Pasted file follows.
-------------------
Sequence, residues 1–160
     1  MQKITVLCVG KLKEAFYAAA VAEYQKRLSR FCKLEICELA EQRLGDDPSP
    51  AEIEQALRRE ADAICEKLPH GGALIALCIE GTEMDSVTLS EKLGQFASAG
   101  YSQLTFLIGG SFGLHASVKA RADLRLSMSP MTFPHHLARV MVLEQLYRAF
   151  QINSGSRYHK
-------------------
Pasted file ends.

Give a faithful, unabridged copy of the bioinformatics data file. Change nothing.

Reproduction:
Sequence, residues 1–160
     1  MQKITVLCVG KLKEAFYAAA VAEYQKRLSR FCKLEICELA EQRLGDDPSP
    51  AEIEQALRRE ADAICEKLPH GGALIALCIE GTEMDSVTLS EKLGQFASAG
   101  YSQLTFLIGG SFGLHASVKA RADLRLSMSP MTFPHHLARV MVLEQLYRAF
   151  QINSGSRYHK